Recently a business owner said, “I’m getting ready to launch my new program. I want to set up a consultation with you, but I’m not sure I’m ready. You focus on marketing. I’m still working out how to position this program and identify the best target market. That’s not marketing, is it?”
This business owner is not unusual.
Take a random survey and people will tell you they define marketing as advertising … and copywriting as wordsmithing.
But more important, many of us are hard-wired to assume processes are linear; for instance, most career change books set up a pattern of discover your self, find careers that fit and find a job in one of those careers. In fact, as Herminia Ibarra points out in her book, Working Identity, career change is a process of serendipitous stumbling around.
We also see the classical story line as a straight line. Hero sets out on a fine day. Hero encounters obstacles. Hero overcomes obstacles. Hero lives happily ever after. Most iconic stories- such as fairy tales – follow this pattern.
So it’s not surprising: business owners often assume product launching is a linear process.
You develop a strategy — your position, target, USP, differentiation points, and purpose. You might hire a marketing coach, strategist or branding pro.
Once that process is complete, you hire a copywriter. (Some people hire a designer first. Bad move. Here’s why. )
You get the sales page. Maybe you even get two versions so you can test. You get copy for the email sequences.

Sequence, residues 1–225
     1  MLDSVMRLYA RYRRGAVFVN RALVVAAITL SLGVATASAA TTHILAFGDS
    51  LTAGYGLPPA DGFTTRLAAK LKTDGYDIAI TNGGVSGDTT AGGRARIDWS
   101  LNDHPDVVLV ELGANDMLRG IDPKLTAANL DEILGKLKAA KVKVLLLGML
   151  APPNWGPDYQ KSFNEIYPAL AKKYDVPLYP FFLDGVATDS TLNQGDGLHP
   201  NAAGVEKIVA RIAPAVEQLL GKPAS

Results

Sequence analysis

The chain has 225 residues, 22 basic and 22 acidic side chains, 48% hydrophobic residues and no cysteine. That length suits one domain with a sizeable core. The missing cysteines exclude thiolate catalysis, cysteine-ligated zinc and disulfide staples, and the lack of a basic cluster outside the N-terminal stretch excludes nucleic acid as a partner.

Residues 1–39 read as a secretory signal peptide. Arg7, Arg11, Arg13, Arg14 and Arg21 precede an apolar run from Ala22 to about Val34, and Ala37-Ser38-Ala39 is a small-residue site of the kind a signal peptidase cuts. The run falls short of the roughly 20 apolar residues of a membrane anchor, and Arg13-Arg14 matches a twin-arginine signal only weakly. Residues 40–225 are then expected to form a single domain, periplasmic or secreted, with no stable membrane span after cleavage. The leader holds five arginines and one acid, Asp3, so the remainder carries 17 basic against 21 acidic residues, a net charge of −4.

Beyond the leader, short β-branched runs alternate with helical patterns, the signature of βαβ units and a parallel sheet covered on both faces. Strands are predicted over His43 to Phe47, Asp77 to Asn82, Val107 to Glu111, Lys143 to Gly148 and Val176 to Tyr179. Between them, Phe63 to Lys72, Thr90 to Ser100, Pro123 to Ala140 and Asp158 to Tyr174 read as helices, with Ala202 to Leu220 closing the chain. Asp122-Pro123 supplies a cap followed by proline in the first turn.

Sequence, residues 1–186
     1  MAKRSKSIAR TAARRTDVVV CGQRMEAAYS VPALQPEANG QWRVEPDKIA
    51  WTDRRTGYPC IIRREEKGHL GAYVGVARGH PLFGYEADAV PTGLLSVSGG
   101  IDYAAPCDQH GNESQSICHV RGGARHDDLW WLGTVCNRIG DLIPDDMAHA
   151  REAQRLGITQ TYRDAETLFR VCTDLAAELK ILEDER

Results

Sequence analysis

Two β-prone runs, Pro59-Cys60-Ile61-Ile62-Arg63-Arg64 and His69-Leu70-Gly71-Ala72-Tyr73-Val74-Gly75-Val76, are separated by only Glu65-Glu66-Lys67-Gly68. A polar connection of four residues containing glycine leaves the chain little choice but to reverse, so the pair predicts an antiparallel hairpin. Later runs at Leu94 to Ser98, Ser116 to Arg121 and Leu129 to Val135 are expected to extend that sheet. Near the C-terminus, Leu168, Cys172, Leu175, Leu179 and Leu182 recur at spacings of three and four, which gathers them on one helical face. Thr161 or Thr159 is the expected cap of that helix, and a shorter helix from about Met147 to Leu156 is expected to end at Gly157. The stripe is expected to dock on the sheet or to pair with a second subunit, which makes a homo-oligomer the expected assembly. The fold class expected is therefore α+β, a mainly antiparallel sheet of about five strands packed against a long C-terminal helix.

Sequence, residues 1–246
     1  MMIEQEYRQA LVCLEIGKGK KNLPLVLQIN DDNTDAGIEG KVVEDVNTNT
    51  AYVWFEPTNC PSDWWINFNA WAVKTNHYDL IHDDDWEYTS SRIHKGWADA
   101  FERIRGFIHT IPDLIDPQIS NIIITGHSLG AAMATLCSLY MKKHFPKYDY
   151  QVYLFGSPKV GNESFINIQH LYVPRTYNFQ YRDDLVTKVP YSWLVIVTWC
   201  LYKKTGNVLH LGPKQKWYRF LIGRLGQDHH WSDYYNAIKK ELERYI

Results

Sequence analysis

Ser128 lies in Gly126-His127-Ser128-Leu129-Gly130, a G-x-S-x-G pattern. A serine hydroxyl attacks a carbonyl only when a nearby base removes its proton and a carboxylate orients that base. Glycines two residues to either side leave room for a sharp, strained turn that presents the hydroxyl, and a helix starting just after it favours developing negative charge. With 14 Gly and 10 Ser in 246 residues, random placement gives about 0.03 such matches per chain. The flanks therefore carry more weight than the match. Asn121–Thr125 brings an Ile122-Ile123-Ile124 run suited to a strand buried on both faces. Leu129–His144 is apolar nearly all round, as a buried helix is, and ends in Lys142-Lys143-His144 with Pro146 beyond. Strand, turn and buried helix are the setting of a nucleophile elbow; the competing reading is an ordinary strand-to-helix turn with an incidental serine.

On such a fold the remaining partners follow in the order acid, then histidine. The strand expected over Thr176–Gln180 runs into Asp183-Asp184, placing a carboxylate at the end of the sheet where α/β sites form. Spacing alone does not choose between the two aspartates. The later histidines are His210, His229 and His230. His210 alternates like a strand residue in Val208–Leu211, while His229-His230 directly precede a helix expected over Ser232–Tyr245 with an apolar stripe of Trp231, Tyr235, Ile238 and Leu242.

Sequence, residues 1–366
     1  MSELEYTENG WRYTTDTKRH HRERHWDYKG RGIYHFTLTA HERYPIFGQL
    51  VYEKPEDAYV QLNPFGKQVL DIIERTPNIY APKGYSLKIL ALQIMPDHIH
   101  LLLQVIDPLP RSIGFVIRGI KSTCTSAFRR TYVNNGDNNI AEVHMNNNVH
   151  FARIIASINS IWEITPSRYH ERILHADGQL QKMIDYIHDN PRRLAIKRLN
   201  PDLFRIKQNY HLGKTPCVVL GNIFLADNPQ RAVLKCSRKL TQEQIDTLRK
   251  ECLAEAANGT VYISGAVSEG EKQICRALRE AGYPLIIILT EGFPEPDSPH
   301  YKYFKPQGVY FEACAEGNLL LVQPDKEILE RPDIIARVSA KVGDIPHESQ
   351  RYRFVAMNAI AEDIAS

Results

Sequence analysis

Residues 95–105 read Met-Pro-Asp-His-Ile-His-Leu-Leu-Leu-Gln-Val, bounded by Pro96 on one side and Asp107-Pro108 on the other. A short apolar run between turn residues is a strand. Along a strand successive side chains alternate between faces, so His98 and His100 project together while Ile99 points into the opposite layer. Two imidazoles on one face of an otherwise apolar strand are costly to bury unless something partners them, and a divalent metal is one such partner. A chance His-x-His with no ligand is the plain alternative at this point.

And then you celebrate your launch. It looks like this:
In reality, marketing begins with the very first gleam in someone’s eye and doesn’t really end… ever. The process is iterative, moving forward, then back, then forward again, then back a few steps.
So when you set up a consultation about launching, you might begin with a discussion of positioning and targeting, which generally fall under the heading of “marketing strategy.” You (or your copywriter) will then write the copy.
But when you write the copy, you realize your message won’t work. You need to stop and clarify benefits.
So you break out the erasers and go back for a rewrite. Or you go back again to your strategy.
It looks like this:
The reality is …
Copywriters (the ones you don’t find on Craigslist) don’t just wordsmith your message. They help you build your strategy — identify your target market, USP, benefits, points of differentiation and more.
Often writing the copy helps you clarify your strategy. You realize what’s missing and what could be better.
In fact, in my 5-Step Blueprint For Creating Your Online Course, I recommend starting with the sales letter. Ask, “How will I market this course? Will anybody want it?”
So I wish I could tell every client, “Don’t wait till everything is in place before you start working with a copywriter! Start as early as possible. You’ll be surprised how differently you’ll experience marketing when you do this.”
Want to talk about your own content creation challenge? Start here.